Posts Tagged ‘Perennial wisdom’

Ikkyu – see HERE


I was so happy that my friends at A Circle of Friends an Interspirituality site – HERE– sent out this quotation;

“Studying texts and stiff meditation can make you lose your Original Mind.

A solitary tune by a fisherman, though, can be an invaluable treasure.

Dusk, rain on the river, the moon peeking in and out of the clouds.

Elegant beyond words, he chants his songs night after night.”


to put alongside this;

The great Master Dogen said,

“To study the Buddha Way is to study the self,

to study the self is to forget the self, and

to forget the self is to be enlightened by the ten thousand things.”

To be enlightened by the ten thousand things is to recognize the unity of the self and the ten thousand things.

and this;

“Tao gives birth to one,

One gives birth to two,

Two gives birth to three,

Three gives birth to ten thousand beings.

Ten thousand beings carry yin on their backs and embrace yang in their front,

Blending these two vital breaths to attain harmony.”

along with this;


“Every being in the universe

is an expression of the Tao.

It springs into existence,

unconscious, perfect, free,

takes on a physical body,

lets circumstances complete it.

That is why every being spontaneously honors the Tao.


“The Tao gives birth to all beings,

nourishes them, maintains them,

cares for them, comforts them, protects them,

takes them back to itself,

creating without possessing, acting without expecting,

guiding without interfering.

 That is why love of the Tao is in the very nature of things.”  

(Stephen Mitchell’s interpretation of chapter 51 or the Tao Te Ching talks of the ongoing relationship between Tao and

the ten thousand things – SOURCE )


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Click HERE to read the full article at The Center for Contemplative Mind in Society

The Tree of Contemplative Practices

The Tree illustrates some of the contemplative practices currently in use in secular organizational and academic settings. This is not intended to be a comprehensive list. Below the Tree you will find links to descriptions of many of these practices as well as a more in-depth description of the Tree and image files for downloading.

We hope to soon offer more information and resources on all of the practices listed on the Tree. Thank you for your patience!

The Tree of Contemplative Practices

© The Center for Contemplative Mind in Society
Concept & design by Maia Duerr; illustration by Carrie Bergman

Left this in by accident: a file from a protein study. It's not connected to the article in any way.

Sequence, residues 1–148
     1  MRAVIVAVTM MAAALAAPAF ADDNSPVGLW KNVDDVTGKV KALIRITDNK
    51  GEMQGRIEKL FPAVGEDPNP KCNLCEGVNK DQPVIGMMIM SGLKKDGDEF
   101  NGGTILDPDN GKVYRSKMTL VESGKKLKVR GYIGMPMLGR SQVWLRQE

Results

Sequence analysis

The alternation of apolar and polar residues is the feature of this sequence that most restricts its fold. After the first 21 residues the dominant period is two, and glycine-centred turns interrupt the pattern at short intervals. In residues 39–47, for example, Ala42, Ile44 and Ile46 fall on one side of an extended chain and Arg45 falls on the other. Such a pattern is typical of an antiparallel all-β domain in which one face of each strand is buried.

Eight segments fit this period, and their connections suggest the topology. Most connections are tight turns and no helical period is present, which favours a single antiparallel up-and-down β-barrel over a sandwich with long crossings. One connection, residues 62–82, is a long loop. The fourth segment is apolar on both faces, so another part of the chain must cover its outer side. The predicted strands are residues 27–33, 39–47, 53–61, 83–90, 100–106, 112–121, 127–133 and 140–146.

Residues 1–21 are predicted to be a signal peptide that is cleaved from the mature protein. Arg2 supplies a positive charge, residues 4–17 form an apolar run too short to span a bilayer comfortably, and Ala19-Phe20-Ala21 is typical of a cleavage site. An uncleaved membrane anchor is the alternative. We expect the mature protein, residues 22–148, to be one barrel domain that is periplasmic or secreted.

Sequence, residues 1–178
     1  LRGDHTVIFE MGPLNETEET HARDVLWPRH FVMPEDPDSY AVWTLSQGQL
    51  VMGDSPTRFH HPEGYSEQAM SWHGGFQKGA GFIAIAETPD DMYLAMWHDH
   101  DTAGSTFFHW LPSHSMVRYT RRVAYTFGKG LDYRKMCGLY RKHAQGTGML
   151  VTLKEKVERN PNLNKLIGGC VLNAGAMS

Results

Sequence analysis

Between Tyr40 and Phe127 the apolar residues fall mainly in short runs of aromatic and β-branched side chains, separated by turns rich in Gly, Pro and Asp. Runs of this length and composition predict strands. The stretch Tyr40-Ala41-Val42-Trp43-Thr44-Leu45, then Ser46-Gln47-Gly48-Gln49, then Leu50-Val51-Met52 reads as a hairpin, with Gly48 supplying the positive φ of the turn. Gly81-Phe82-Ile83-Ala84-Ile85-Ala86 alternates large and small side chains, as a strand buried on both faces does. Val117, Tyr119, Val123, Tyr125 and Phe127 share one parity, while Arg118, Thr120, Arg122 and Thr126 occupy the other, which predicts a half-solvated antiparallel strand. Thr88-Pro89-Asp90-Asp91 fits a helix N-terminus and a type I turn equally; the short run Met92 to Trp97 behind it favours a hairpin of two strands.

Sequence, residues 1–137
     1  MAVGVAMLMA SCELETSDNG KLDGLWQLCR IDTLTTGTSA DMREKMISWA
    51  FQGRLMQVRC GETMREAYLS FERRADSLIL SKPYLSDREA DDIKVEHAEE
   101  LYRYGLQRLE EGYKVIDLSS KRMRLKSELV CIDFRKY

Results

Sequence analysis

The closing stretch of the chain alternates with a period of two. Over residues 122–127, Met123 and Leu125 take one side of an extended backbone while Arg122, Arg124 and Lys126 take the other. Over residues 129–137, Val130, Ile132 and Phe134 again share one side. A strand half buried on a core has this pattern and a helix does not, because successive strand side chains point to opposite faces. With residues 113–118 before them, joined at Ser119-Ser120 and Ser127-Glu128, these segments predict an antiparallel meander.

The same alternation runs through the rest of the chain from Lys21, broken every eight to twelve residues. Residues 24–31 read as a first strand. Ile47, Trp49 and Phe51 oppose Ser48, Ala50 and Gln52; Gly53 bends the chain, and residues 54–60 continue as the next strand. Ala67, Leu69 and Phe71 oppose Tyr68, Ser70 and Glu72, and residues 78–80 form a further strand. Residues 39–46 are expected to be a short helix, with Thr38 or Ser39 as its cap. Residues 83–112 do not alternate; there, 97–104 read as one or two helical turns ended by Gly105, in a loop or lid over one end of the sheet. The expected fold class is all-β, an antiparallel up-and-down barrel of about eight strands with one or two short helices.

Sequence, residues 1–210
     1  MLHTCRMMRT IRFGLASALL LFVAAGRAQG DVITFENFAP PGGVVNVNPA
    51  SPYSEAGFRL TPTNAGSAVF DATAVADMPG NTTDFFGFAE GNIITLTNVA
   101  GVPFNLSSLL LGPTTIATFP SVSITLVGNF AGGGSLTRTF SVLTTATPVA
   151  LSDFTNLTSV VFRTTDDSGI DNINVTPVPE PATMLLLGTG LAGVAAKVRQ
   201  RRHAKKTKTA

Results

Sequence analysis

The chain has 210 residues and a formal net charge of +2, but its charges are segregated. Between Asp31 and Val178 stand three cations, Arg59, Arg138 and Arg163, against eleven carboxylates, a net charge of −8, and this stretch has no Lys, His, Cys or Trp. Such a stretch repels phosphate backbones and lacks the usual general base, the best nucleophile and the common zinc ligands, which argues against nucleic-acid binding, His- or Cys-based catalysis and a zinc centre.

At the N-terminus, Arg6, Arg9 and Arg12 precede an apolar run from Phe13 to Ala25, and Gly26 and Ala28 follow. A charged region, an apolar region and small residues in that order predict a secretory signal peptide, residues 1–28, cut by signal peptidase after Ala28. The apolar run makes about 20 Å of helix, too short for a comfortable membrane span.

Understanding the Tree

On the Tree of Contemplative Practices, the roots symbolize the two intentions that are the foundation of all contemplative practices: cultivating awareness and developing a stronger connection to God, the divine, or inner wisdom. The roots of the tree encompass and transcend differences in the religious traditions from which many of the practices originated, and allow room for the inclusion of new practices that are being created in secular contexts.

The branches represent the different groupings of practices. For example, Stillness Practices focus on quieting the mind and body in order to develop calmness and focus. Generative Practices come in many different forms (i.e. prayers, visualizations, chanting) but share the common intent of generating thoughts and feelings of devotion and compassion, rather than calming and quieting the mind. Please note that these classifications are not definitive. For example, mantra repetition may be considered a Stillness Practice rather than a Generative one.

Any activities not included on this Tree (including those which may seem more mundane, such as gardening, eating, or taking a bath) are a contemplative practice when done with the intent of cultivating awareness, or developing a stronger connection with God or one’s inner wisdom. We offer a free download of a blank Tree so that you can customize it and include your own practices.



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sun-800px-refracted_sun_rising_over_virginia_beachSome truths pass – like fashion. Some truths are eternal; they are called Perennial Wisdom.

Perennial Wisdom includes the essential structure of our spirituality and how we function as human beings. By another name that’s mysticism’ – the heart of religion.  One definition of mysticism is, ‘direct experience of ultimate reality’. 

When mysticism is shifted from the centre, religion becomes an empty shell. Great mystics include Rumi, Hildegard of Bingen, Abraham Joshua Heschel and many others. What about a modern teacher such as Ken Wilber or Eckhart Tolle?

Without an active relationship with Perennial Wisdom we, in any age, become lost in a wasteland.

‘Universalism’ = the realization of oneness – in the light of such teachings as Ghandi’s, “God has no religion.  He also said when asked if he was a Hindu, “Yes I am. I am also a Christian, a Muslim, a Buddhist and a Jew.” It is the realization that through the ages humankind, the Holy Spirit and ‘God’ have always been one, as in;This is the changeless Faith of God, eternal in the past, eternal in the future.” – Baha’u’llah (Gleanings LXX)

Unless we understand our practice we cannot practice our understanding. 

Please send a comment if you want details of the summer course.

Course blog is HERE

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